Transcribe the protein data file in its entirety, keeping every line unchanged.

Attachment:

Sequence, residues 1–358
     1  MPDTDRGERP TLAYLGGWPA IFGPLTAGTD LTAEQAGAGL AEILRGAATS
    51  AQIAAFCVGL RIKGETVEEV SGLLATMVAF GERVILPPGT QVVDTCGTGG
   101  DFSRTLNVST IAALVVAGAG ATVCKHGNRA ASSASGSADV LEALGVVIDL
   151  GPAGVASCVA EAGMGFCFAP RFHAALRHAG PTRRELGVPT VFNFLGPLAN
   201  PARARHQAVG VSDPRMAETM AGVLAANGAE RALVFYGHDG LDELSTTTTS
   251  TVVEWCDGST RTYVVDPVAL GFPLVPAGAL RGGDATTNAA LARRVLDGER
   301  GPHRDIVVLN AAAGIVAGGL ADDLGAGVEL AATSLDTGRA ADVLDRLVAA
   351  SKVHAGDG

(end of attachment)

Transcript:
Sequence, residues 1–358
     1  MPDTDRGERP TLAYLGGWPA IFGPLTAGTD LTAEQAGAGL AEILRGAATS
    51  AQIAAFCVGL RIKGETVEEV SGLLATMVAF GERVILPPGT QVVDTCGTGG
   101  DFSRTLNVST IAALVVAGAG ATVCKHGNRA ASSASGSADV LEALGVVIDL
   151  GPAGVASCVA EAGMGFCFAP RFHAALRHAG PTRRELGVPT VFNFLGPLAN
   201  PARARHQAVG VSDPRMAETM AGVLAANGAE RALVFYGHDG LDELSTTTTS
   251  TVVEWCDGST RTYVVDPVAL GFPLVPAGAL RGGDATTNAA LARRVLDGER
   301  GPHRDIVVLN AAAGIVAGGL ADDLGAGVEL AATSLDTGRA ADVLDRLVAA
   351  SKVHAGDG